Thinking Through Stories
Children, Philosophy, and Picture Books
- Available for pre-order. Item will ship after February 21, 2022
This book provides justification and instruction for exploring philosophy with children, especially by using picture books to initiate philosophical discussion. By demonstrating to pre-service teachers that picture books often embed philosophical issues into their narratives, and that this makes picture books a natural place to go to help young children investigate philosophical issues, the author offers a straightforward approach to engaging young students. In particular, this volume highlights how philosophical dialogue enhances children’s sense of self, provides a safe space for the discussion of issues that they are confronted with in living their lives, and develops an admirable method for resolving conflict that the children can use in other contexts.
Table of Contents
Preface; 1. Introduction; Part I: The Case of Philosophy For/With Children; 2. Why Teach Children Philosophy?; 3. The Role of Wonder in Childhood; Part II: Why Picture Books?; 4. The Uses and Limitations of Philosophical Novels; 5. The Advantages of Picture Books; 6. How Picture Books Actually Philosophize; Part III: Issues About Facilitating Picture-Book Philosophy Discussions; 7. How Someone Who Doesn’t Already Know Philosophy Can Teach It; 8. Using Picture Books to Discuss Racial Issues; 9. How to Facilitate Discussions of Books with Morals ; Conclusion; Appendix: Glossary of Philosophical Terms and Names of Philosophers; Bibliography/Works Cited;
Thomas E. Wartenberg is Professor of Philosophy Emeritus at Mount Holyoke College. He is the author of Big Ideas for Little Kids: Teaching Philosophy Through Children’s Literature and A Sneetch Is a Sneetch and Other Philosophical Discoveries: Finding Wisdom in Children’s Literature.
Thinking Through Stories strengthens the case for pre-college philosophy and shows us the value of picture books for engaging young children in philosophical discussion. In addition, Wartenberg offers sage advice about how to facilitate philosophical discussion with young children, especially when it comes to dealing with difficult topics. I highly recommend this book to any teacher who values children’s native curiosity and is sensitive to their concerns.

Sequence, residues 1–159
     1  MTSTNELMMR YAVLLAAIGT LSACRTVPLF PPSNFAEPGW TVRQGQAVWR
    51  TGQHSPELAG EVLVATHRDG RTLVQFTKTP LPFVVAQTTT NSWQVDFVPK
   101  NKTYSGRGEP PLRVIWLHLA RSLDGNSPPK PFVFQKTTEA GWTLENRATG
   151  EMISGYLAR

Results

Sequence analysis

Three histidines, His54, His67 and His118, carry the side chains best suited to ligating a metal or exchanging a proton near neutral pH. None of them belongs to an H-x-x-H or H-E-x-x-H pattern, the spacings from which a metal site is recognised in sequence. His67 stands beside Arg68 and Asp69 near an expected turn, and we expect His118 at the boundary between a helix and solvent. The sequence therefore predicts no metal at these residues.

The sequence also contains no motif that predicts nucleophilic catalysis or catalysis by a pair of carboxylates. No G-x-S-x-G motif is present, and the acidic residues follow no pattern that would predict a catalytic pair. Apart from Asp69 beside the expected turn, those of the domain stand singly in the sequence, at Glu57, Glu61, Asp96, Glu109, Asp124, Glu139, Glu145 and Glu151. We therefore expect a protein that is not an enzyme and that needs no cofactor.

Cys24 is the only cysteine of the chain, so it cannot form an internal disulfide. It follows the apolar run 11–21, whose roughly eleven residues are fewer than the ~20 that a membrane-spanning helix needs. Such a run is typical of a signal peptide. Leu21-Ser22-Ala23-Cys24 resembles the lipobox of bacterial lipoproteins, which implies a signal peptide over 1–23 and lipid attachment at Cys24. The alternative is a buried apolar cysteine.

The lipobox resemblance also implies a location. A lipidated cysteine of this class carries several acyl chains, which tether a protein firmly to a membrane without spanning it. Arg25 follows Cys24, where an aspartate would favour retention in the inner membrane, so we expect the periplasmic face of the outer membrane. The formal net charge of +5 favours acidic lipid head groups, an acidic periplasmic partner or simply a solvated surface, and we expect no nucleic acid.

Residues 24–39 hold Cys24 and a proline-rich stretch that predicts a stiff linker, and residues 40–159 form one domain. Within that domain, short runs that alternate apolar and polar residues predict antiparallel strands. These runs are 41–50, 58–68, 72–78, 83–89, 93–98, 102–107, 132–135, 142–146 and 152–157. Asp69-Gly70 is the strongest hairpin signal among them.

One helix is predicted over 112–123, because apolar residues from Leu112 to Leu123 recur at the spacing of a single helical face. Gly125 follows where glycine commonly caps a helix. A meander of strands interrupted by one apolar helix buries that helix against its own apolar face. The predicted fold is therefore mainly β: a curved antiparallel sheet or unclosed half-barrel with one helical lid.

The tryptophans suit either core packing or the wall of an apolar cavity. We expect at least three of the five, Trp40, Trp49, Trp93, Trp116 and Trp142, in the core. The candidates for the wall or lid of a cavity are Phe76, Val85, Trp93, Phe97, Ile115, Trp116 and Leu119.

Dr Philip Cam is Honorary Associate Professor at the School of Humanities and Languages, University of New South Wales. His most recent book is Philosophical Inquiry: Combining the Tools of Philosophy with Inquiry-based Teaching and Learning.
In this elegantly and clearly written book, Tom Wartenberg provides a compelling account of why children will benefit from doing philosophy and of the value of picture books in helping them to do so. Teachers and parents interested in doing philosophy with their children should read this book.
Berys Gaut and Morag Gaut, authors of Philosophy for Young Children: A Practical Guide
Thinking Through Stories: Children, Philosophy, and Picture Books significantly fills a gap in the K-12 philosophy literature. By emphasizing the role that picture books can play, Wartenberg accomplishes two important tasks. First, he demonstrates that not all philosophy needs to be done with arguments or words. Second, by focusing on the role that picture books can play in inspiring philosophical ideas, he expands the range of ages for children who can participate on their own terms, without, for example, someone needing to read a book to them. Wartenberg’s approach provides greater autonomy to children who wish to participate in philosophical discussions and for that he should be deeply commended.
Claire Katz is Professor of Philosophy and the Murray and Celeste Fasken Chair in Distinguished Teaching and an Associate Dean of Faculties at Texas A & M University. She is the editor of Growing Up With Philosophy Camp.
Thinking Through Stories reflects on the Philosophy for/with Children movement at its 50-year mark. Weaving together theory and practice, Wartenberg contrasts different strands within the movement: picture books vs philosophical novels; philosophy as established canons of thought vs the embrace of wonder and perplexity. He offers insightful and practical advice for how to help children "think for themselves together" and underscores the Social and Emotional Learning to be gained through such joint inquiry. This is a must read for those new to the field and seasoned practitioners alike.
Dr. Erik Kenyon teaches Middle School Latin and Humanities at Friends Academy in Dartmouth, MA. He is co-author of Ethics for the Very Young: A Philosophy Curriculum for Early Childhood Education.
Thomas Wartenberg understands two things that are not widely enough appreciated. He know that great children's books touch on profound themes and knows that kids, even quite young kids, are natural philosophers eager to explore big ideas. Thinking Through Stories explains why it is important to help children learn to think philosophically and it offers thoughtful advice about how to do so using children's books (especially children's books). Wartenberg also shows us how to deepen the experience of reading to children. The book offers a road map to joy for parents, teachers, and philosophers.
Sam Swope, Author of The Araboolies of Liberty Street, and founder of the Academy for Teachers